A last-minute pH shift turns goo sticky and keeps queen larvae from falling out of their cells
Honeybee royal jelly is food meant to be eaten on the ceiling. And it might also be glue that keeps a royal baby in an upside-down cradle.
These bees raise their queens in cells that can stay open at the bottom for days. A big blob of royal jelly, abundantly resupplied by worker bees, surrounds the larva at the ceiling. Before the food is deposited in the cell, it receives a last-minute jolt of acidity that triggers its proteins to thicken into goo, says Anja Buttstedt, a protein biochemist at Technische Universität Dresden in Germany. Basic larva-gripping tests suggest the jelly’s protein chemistry helps keep future queens from dropping out of their cells, Buttstedt and colleagues propose March 15 in Current Biology.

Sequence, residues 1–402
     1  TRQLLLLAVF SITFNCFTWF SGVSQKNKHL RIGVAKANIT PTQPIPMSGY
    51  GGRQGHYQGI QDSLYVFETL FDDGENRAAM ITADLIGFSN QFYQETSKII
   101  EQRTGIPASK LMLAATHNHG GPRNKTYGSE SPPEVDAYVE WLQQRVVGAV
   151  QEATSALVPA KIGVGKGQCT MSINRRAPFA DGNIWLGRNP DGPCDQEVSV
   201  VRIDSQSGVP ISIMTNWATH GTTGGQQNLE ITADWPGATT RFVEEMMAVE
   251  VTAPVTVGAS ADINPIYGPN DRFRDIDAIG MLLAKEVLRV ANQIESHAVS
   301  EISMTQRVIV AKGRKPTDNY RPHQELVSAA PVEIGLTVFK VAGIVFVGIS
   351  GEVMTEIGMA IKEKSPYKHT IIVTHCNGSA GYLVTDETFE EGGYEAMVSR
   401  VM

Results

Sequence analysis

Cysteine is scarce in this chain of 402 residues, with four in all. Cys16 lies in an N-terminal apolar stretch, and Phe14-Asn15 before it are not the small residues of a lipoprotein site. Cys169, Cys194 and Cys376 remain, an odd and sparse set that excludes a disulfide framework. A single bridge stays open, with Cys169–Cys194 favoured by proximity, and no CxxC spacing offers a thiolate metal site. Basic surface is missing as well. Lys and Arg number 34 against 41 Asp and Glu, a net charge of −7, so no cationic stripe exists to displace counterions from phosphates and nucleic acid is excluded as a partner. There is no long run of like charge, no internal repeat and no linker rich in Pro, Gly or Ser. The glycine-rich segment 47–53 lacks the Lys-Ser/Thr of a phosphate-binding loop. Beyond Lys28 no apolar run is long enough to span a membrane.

Suspecting the stickiness of royal jelly might serve some function, researchers tweaked its acidity. They then filled small cups with royal jelly with different